My co-writer Zack Drisko and I wanted to create a different type of superhero. We wanted to create a woman who was powerful but relatable. We did not want to make her too masculine or feminine, but to find a nice balance in between. We wanted her to surpass gender stereotypes and instead be an inspirational, real-life superhero that both men and women could relate to.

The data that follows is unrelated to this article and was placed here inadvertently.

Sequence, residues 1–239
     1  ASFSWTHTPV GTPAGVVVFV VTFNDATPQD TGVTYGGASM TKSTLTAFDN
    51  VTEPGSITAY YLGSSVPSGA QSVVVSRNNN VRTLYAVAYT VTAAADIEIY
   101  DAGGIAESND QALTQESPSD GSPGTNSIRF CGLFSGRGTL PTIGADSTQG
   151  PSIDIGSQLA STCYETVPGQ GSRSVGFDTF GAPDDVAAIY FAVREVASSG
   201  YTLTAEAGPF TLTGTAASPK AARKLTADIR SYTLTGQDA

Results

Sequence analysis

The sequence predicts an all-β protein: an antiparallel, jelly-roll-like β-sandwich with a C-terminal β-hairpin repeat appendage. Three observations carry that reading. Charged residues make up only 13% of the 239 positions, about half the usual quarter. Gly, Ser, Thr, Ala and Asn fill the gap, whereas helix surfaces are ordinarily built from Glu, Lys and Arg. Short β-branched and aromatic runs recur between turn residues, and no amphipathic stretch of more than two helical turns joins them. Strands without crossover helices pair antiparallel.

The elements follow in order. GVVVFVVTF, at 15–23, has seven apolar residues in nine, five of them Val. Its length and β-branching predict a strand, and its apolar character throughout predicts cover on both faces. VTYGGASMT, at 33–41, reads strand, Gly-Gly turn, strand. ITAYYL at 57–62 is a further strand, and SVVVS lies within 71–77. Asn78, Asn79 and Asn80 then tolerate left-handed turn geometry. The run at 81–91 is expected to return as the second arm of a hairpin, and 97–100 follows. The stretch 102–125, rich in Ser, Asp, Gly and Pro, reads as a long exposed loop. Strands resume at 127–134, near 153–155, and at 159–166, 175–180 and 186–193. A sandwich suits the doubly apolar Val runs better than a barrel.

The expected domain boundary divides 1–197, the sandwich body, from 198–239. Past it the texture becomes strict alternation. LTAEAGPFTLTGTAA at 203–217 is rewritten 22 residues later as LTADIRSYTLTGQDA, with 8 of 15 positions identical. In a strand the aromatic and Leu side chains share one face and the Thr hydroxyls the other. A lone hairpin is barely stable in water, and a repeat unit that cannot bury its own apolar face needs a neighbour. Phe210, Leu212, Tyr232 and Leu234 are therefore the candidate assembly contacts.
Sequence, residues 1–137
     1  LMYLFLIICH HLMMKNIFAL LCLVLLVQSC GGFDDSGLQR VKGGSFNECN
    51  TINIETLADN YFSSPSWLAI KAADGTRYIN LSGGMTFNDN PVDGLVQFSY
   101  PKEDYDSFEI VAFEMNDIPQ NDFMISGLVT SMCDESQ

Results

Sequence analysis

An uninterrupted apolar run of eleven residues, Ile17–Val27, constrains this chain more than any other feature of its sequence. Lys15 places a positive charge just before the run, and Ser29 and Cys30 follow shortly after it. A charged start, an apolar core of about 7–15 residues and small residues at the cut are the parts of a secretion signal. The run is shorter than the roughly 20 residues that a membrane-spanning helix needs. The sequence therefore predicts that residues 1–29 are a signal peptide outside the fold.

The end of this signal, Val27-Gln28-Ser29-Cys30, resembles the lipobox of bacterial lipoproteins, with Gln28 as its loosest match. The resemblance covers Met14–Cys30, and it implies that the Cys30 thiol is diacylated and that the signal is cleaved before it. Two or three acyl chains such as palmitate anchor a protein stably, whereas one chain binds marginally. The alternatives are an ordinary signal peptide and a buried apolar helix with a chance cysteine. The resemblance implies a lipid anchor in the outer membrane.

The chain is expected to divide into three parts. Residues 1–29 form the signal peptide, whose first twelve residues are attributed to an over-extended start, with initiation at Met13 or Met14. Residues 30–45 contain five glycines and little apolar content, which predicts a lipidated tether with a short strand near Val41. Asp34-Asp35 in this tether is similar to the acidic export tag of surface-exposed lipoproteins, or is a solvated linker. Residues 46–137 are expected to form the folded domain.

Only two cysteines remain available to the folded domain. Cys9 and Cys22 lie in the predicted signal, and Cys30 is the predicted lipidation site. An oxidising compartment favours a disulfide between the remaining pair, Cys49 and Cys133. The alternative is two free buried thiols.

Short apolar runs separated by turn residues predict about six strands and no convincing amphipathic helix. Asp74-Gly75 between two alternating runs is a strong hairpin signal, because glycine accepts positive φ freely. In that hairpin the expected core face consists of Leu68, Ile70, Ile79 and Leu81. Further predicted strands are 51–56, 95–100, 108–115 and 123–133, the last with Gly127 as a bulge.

I play Ava Snow and I’m 5’1 and average weight with what could generously be described as Semitic features, not at all what the typical hot-chick-superhero looks like. When I started this project I was neither athletic nor particularly coordinated. As a fairly tiny person, and naturally more prone to romantic-comedy clumsiness than kicking ass and taking names, I also found it really empowering to train myself in tasks that I never thought were possible for someone of my abilities. I learned Muay Thai, Brazilian Jiu-Jitsu and knife-throwing for the role. We dyed my hair an out-there shade of orange and gave me several fake tattoos and piercings. I began to feel more powerful in my cargo pants and raggedy T-shirt than I ever did in my little black dress. When I was throwing knives or completing a triangle choke looking as I did, no one was checking me out, only admiring my skill. I thought to myself, “that is how I want the women watching Ava Snow to feel.” I want them to feel inspired that they could be just as strong as a male superhero, just as skilled, just as fast, but without having to manipulate those around them to get their way. Ava is blunt, acerbic, and to the point. Her power is in her directness, no tricks involved. These qualities are something I share with Ava, but in Ava they are amplified to a very liberating degree. Ava is not constrained by societal norms, and consequently, says what she thinks without fear of backlash. I feel like the more I get to explore Ava by playing her, the more I understand her motivations for her extreme actions and can ground them in a real place. My co-writer and I have worked hard to get Ava to where she is now and I cannot wait to explore her further as an actress and writer as we keep filming.